Once a small part of China's wind power development, offshore wind power has shown huge potential in recent years. In 2018, the newly installed capacity of offshore wind power increased by 42.2 percent, according to the CWEA.

A report by the Global Wind Energy Council in 2018 said China's wind power industry has not only undergone tremendous changes, but also transformed the international wind power landscape as a result.

A shiny name card

Coincidentally, China's solar and wind power sectors have been keeping up with each other over the past years. These days, while traveling around China, it is easy to see rows of photovoltaic (PV) panels in the sand, on the sea, on farmland and roofs, from which clean energy pours into households and industries.

According to a report by the China National Renewable Energy Center in October 2018, China's installed capacity of the PV industry in 2000 was just 0.02 GW, less than one 15th of Japan's, while in 2015, it surpassed Germany to become the world's largest PV market. By June, China's cumulative installed capacity of the PV industry hit 186 GW, an increase of 20 percent year on year, according to the National Energy Administration.

"In the past 10 years, China's PV industry has achieved great results," Wang Sicheng, a researcher with the Energy Research Institute under the National Development and Reform Commission, said.

Along with installed capacity, Wang said China's PV-associated products have occupied a large global market share, with polysilicon accounting for 57.8 percent, batteries and components for more than 70 percent, and wafers and ingots for as high as 90 percent.

Meanwhile, the cost of PV products and solar power generation has fallen by more than 90 percent in the past decade. Wang Guiqing, deputy head of the China Chamber of Commerce for Import and Export of Machinery and Electronic Products, said with their large advantage in scale of production, China's PV products were able to sharply drop costs and along with the improvement in quality, have created sound conditions for their worldwide use.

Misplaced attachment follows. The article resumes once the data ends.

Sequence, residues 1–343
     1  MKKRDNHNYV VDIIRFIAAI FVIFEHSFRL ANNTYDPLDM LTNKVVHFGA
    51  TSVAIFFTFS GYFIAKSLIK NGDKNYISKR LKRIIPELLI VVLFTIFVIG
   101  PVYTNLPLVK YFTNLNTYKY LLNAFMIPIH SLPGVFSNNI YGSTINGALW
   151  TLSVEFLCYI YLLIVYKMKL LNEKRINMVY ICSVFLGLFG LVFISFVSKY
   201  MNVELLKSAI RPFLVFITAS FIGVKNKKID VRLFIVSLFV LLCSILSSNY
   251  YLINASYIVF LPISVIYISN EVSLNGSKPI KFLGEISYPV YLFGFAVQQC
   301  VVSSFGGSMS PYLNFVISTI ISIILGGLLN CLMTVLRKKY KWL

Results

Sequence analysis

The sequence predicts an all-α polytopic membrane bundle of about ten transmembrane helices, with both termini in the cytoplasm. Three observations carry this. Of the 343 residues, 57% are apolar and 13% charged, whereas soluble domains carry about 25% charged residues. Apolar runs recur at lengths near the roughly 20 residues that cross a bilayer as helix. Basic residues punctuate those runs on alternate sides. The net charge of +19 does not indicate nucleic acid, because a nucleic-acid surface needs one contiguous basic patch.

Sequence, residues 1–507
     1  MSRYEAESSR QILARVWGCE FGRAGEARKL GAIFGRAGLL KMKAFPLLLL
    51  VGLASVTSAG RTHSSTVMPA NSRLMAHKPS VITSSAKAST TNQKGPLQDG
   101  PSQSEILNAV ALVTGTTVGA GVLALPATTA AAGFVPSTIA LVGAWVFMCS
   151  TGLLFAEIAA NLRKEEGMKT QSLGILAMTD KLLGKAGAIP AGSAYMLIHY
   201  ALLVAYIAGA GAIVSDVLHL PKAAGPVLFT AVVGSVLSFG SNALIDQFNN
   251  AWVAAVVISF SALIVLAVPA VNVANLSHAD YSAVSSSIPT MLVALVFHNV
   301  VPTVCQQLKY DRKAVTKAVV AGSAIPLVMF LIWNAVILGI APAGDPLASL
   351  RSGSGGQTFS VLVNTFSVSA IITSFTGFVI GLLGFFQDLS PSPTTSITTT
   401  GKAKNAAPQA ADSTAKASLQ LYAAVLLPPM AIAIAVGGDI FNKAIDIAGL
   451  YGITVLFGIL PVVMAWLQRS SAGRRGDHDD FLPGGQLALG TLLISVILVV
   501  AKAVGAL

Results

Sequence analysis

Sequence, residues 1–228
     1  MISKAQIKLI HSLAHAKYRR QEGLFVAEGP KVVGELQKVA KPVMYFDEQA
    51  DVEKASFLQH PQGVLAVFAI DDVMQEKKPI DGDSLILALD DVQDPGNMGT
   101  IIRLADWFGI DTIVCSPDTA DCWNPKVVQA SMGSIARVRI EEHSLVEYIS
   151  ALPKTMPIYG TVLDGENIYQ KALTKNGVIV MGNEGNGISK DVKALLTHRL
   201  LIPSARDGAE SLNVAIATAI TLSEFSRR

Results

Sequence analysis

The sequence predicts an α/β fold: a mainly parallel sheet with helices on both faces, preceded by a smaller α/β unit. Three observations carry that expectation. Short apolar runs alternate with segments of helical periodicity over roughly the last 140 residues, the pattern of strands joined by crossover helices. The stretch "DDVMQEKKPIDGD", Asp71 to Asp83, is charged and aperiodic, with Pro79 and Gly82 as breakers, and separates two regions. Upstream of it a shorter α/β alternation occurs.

Wang Bohua, Vice President of the China Photovoltaic Industry Association, said at a symposium on July 25 that China's PV exports hit $10.61 billion in the first half of the year, a 31.7-percent increase year on year. Products have been exported to more than 200 countries, with destinations more diversified than before, expanding outside Asia.

However, risks also exist. Zhang Chunguang, chief operating officer of CanadianSolar, a global energy provider, said several years ago, more than 90 percent of China's PV products were exported. But the protectionist measures in both the U.S. and the EU have affected many Chinese enterprises and taught them a lesson about depending too heavily on overseas markets.

Currently, these companies are diminishing their dependence on singular overseas markets and diversifying the options in emerging markets. But they still face challenges such as inadequate information and cutthroat competition.

A photovoltaic project combines solar energy generation with farming in Lishui, east China's Zhejiang Province, on October 18, 2018 (XINHUA)